The Prime Minister denied claims in the US Harper’s Magazine that political campaigner Nimco Ali ‘spent Christmas with the couple at No 10 despite pandemic restrictions on holiday gatherings’.
The article also said that Mrs Johnson ‘modelled’ her wardrobe and public image on the Duchess of Cambridge, but is ‘bitter’ that the duchess gets better publicity.
Spokesmen for the Prime Minister and Mrs Johnson said both claims were untrue.
The 4,500-word profile of the couple says Mrs Johnson has ‘assembled an impressive court around her’ while the PM is a ‘lonely figure’ and ‘quite scared’ of her.
It claims he spends ‘more and more time downstairs’ at No 10 reading – including a book by his ex-wife Marina Wheeler, because he ‘doesn’t want to take it upstairs’.
A row broke out last night over allegations that Boris Johnson and his now wife Carrie broke Covid lockdown rules last Christmas by allowing her best friend to stay with them at Downing Street
The Harper’s article is written by Lara Prendergast, executive editor of The Spectator magazine, edited by Mr Johnson before he entered politics and which has strong links to Downing Street.
In the piece she describes how she put her claims over the Christmas gathering to No 10. She says that a spokesman told her ‘the Prime Minister and Mrs Johnson follow coronavirus rules at all times’ – but did not deny the claim.
She adds that Miss Ali, godmother to the Johnsons’ son Wilfred, ‘did not respond to repeated requests for comment’.
Last Christmas, London was under Tier 4 restrictions, meaning people should not have mixed with anyone outside their households, except in support and childcare bubbles.
It was later disclosed that the role, for which she is paid £350 a day for around two days’ work a month, was not advertised openly.
Reports claim Carrie’s best friend political campaigner Nimco Ali spent Christmas with the Johnsons at No 10, despite lockdown restrictions on holiday gatherings
The profile says Miss Ali ‘is regularly sent out to fight for Carrie in the press’.
The article also suggests Mrs Johnson, 33, who married the Prime Minister in May and is now expecting their second child, sees the Duchess of Cambridge as a rival.
‘Carrie is said to model both her fashion sense and her press operations on Catherine,’ Miss Prendergast writes.
‘A confidant told me Carrie is often preoccupied with the duchess, and expressed bitterness about Kate’s ability to generate positive items about herself in the British press.’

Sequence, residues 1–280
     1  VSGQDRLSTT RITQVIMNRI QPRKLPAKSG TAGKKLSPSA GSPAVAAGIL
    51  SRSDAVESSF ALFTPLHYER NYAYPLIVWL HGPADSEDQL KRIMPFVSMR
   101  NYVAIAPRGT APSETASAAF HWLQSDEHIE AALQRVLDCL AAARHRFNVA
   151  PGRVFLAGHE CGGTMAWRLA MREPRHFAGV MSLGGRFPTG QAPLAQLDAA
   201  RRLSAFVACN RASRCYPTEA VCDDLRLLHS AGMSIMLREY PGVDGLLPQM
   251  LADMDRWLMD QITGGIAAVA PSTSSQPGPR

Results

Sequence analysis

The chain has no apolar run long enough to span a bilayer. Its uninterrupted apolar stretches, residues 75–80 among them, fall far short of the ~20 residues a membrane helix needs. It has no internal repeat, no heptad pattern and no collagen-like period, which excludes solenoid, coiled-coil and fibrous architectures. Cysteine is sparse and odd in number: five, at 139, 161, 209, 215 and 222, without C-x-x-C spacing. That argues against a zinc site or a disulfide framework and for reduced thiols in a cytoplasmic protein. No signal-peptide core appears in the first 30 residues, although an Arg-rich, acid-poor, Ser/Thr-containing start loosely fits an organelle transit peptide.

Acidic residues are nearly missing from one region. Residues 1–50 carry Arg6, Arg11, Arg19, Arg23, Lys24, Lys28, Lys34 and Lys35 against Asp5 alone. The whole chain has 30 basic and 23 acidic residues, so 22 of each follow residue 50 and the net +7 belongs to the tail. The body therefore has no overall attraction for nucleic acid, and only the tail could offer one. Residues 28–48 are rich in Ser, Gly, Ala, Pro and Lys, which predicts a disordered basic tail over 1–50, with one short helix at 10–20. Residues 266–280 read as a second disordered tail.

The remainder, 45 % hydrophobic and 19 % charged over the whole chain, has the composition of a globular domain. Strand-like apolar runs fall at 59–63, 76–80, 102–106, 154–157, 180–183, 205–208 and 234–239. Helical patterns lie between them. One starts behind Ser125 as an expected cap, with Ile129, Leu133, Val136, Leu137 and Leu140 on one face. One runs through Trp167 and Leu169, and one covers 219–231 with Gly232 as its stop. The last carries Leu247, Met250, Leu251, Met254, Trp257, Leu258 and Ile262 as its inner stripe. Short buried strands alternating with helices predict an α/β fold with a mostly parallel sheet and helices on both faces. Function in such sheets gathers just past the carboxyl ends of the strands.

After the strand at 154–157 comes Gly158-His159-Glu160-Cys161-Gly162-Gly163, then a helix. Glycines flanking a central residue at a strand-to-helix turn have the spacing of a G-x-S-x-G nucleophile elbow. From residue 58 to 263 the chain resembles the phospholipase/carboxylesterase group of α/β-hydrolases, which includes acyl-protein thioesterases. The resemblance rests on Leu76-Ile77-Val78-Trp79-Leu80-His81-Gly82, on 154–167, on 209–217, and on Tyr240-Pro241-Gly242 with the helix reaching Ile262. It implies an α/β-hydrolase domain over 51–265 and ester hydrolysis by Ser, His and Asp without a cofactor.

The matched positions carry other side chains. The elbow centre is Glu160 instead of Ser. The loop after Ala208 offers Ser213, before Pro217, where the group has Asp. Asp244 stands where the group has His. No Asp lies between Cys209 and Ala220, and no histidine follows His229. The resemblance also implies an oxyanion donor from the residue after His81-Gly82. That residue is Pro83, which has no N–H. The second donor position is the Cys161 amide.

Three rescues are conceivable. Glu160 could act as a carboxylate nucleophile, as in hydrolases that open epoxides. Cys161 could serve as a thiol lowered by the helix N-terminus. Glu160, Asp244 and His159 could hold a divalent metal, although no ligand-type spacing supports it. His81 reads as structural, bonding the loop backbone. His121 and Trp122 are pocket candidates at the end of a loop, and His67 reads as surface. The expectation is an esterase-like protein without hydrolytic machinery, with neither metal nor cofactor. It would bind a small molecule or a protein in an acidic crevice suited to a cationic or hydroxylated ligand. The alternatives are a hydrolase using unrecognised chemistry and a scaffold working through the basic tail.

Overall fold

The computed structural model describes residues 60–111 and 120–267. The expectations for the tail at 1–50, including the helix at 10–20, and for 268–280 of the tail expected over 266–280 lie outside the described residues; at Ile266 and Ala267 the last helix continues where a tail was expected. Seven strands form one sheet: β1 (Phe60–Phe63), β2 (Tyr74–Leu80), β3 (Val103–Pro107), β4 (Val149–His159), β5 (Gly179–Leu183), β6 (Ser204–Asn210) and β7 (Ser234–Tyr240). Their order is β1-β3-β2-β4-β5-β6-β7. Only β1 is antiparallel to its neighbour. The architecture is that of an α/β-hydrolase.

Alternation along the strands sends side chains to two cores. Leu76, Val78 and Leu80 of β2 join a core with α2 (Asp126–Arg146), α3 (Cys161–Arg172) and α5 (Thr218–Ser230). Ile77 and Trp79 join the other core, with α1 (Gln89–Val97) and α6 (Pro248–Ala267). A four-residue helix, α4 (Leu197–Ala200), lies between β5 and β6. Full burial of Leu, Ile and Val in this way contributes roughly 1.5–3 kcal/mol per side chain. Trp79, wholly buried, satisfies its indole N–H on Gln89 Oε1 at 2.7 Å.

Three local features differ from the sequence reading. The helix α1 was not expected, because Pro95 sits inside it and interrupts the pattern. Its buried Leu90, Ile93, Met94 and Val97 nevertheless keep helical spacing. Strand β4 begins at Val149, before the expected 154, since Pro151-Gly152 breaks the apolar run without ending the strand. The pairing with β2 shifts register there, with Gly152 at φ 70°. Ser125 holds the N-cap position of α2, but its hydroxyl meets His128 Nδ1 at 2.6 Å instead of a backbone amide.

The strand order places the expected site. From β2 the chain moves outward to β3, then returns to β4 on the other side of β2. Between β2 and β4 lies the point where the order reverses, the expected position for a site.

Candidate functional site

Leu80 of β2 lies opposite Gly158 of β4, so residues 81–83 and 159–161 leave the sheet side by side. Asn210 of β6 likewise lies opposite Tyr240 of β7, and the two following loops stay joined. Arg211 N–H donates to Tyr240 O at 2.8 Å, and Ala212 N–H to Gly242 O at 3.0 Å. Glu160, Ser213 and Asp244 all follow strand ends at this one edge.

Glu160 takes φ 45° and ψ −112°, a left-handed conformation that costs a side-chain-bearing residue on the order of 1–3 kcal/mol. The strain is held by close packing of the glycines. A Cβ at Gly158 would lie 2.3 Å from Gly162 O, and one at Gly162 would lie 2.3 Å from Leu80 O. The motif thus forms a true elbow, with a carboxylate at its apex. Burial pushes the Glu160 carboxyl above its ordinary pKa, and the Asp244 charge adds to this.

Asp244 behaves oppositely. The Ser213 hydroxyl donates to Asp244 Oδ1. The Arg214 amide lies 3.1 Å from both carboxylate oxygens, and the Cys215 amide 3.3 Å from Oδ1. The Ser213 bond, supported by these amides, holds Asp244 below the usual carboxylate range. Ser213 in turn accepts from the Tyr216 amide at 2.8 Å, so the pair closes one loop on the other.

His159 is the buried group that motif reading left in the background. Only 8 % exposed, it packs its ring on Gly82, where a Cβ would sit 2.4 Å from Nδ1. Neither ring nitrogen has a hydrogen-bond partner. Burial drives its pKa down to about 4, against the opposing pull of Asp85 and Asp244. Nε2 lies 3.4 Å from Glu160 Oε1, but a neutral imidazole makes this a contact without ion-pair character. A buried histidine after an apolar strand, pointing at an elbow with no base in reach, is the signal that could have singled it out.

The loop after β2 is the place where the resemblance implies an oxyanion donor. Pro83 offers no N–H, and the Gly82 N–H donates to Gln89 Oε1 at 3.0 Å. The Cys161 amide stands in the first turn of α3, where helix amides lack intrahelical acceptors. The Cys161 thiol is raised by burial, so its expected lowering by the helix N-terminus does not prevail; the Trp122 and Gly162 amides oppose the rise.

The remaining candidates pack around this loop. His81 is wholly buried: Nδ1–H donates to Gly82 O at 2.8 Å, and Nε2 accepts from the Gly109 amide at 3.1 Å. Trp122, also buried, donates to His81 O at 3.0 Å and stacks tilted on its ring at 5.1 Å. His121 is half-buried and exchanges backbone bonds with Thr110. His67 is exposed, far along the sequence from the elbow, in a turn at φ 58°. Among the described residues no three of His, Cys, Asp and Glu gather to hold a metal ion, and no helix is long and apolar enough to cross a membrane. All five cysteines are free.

The claims were strongly rebutted last night. A No 10 spokesman said: ‘The Prime Minister and Mrs Johnson have followed coronavirus rules at all times. It is totally untrue to suggest otherwise.’
And a spokesman for Mrs Johnson said it was ‘rubbish’ to suggest she modelled herself on the Duchess of Cambridge or was ‘bitter’.
The article also said that Mrs Johnson ‘modelled’ her wardrobe and public image on the Duchess of Cambridge, but is ‘bitter’ that the duchess gets better publicity
Elsewhere in the article, Miss Prendergast praises ‘brand-focused’ Mrs Johnson, a former Tory HQ head of communications, for cleaning up the PM’s ‘shabby image’ and getting him to embrace ‘progressive’ causes such as animal welfare and women’s rights.
She notes: ‘She saw in him a project… a man with huge popularity but few allies and friends, a right-wing political beast to be relaunched with the tastes of sensitive millennials in mind.
‘The Conservatives were known as the ‘nasty party’. Under Carrie, they are becoming cute.’
The article says Mrs Johnson has ‘assembled an impressive court around her and is more media-savvy’ than most ministers. But Miss Prendergast questions her methods.
She writes: ‘The Downing Street press office seems terrified of her. She is said to feed information to contacts to see where it then appears, and will turn on those she feels she cannot trust.’
A 4,500-word profile of the couple claimed the PM spends ‘more and more time downstairs’ at No 10 reading – including The Lost Homestead, a book by his ex-wife Marina Wheeler, because he ‘doesn’t want to take it upstairs’
The magazine says Mr Johnson increasingly stays in his No 10 study instead of joining his wife in their official flat.
It adds: ‘He likes to read The Spectator late at night,’ one former aide tells me. A copy of The Lost Homestead, the new book by his ex-wife Marina Wheeler (about her Indian heritage), has been spotted open in his office.’
The profile also challenges the way questions about aspects of Mrs Johnson’s conduct are brushed aside, adding: ‘Any attempt to scrutinise her growing political influence is deemed misogynistic.’
‘Previously, a prime minister’s spouse would have faced minimal press intrusion… but the current situation is different.’
The article concludes: ‘To plenty of people, it seems… a little odd that a 33-year-old woman who specialises in political spin has such apparent influence over policy-making. She is unelected and, in many ways, unaccountable.’